Producing high-quality work feels amazing, but takes a huge amount of effort. When you’re trying to get in the zone, the last thing you need is a tap on the shoulder. Or a phone call. Or a 10-minute reminder for that meeting you never speak in. We explore the main distractions at work we face on a daily basis to discuss what you can actively do about them.
Distraction at work by others
As our tasks, physiology and psychology change, so do our workplace needs. Collaboration is brilliant, but sometimes the last thing you need to do your work is other people. If you’ve ever worked in an open office you’ll have felt the sting of this. Here are just a few of the ways people will distract you at work:
- Direct interruption
- Noise (calls, chat, gossip, desk meetings)
- Digital communication
- Phone calls
One option is to remove yourself from your office workspace. Book meeting rooms for tasks requiring silent focus and talk to your boss about sometimes working from home. You know what kind of environment you need to deliver a certain task; your manager is there to support that. You could even trial moving to a different desk in the office to see if it helps.
The other option is to try and change your office workspace. Wear headphones to signal you’re not to be disturbed, mute notification pop-ups on your devices, or flat out tell people that they’re disrupting you. The best company cultures are considerate; calling out disrespectful behaviour is part of that.
Self-distraction at work
Sometimes you are your biggest threat to getting stuff done. Whilst you may recognize some of your worst distracting behaviours, you may not realize how much time they steal from you. Some are also productive habits, so it’s hard to identify them as self-distraction. These are the biggest culprits to be aware of:
- Using non-work-related apps
- Checking email
- Internet browsing
Schedule your workload to help you focus on one task at a time. Some people like to-do lists, some like task organization apps, some schedule their work calendar ahead. Whatever your method, prioritize your work, block out dedicated time for each task across your week and commit to it. Make sure it’s visible on your calendar so no one tries to snap you up.
Understand how you distract yourself so you can put measures in place to control your bad habits. Time trackers like Timely are great for this – they show how much time you spend on specific websites, checking email, taking calls and social media. Without necessarily turning your phone or smartwatch off entirely, once you know your weaknesses you can set up barriers to help you manage them better.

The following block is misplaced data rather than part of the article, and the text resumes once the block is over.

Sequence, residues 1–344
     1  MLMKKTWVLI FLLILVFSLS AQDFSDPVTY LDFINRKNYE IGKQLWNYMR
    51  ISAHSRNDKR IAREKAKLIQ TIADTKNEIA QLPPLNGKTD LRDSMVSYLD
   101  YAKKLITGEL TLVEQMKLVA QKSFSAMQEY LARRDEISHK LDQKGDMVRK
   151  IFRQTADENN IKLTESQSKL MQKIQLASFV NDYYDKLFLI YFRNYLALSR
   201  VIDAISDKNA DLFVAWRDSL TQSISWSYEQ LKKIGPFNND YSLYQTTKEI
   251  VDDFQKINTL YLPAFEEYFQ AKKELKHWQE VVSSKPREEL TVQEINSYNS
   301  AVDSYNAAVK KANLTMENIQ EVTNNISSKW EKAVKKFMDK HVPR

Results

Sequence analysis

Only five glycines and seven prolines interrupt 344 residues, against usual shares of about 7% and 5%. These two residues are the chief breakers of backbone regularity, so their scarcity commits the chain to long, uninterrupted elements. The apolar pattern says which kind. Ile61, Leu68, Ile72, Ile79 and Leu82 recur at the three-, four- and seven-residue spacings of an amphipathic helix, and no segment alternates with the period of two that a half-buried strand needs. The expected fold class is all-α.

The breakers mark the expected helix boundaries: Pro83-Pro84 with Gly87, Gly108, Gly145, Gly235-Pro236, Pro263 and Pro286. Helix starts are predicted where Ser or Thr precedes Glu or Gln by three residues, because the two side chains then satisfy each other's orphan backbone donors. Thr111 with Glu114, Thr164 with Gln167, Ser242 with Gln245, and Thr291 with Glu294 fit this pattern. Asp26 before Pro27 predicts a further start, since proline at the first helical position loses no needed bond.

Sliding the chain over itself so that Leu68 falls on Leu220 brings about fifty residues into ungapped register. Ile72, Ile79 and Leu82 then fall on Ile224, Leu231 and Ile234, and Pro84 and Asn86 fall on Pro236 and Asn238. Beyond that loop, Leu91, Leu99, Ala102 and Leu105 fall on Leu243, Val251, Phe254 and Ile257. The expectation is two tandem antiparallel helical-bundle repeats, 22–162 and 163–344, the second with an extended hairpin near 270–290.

Structural distractions at work
It’s all well trying to reform your colleagues and address your own bad habits, but some workplace distractions are structural. They’re the result of deep-seated processes and attitudes, and require company-wide conversations. These include:
- Pointless meetings
- A policy of instant availability
- Inefficient processes & admin
- Disrespectful behaviour
Not all meetings are necessary. Consider adopting an opt-in approach to meeting invites and always push to keep the headcount as small as necessary. Does everyone have to be there? Can some people just updated in the post-meeting email? Forget office egos and consider whose attendance actually matters.
Revisit your company’s communications policy. Without a set approach, people assume they need to be immediately available and drop whatever they’re doing to respond. Let employees set their own expectations for non-urgent communication, whether that involves muting Slack notifications or checking email at a few set times each day.
Streamline your company’s basic processes. Review your project management workflow to make them as lean as possible, and either streamline or relieve admin that takes employees away from their work. Invest in tools or people to ensure things like timesheet registration, requesting leave and invoicing don’t interrupt your workforce.
To ensure people respect each other’s wellbeing, you need a solid company culture. Defining values and creating a framework to protect them helps you cultivate a supportive, emotionally aware workforce.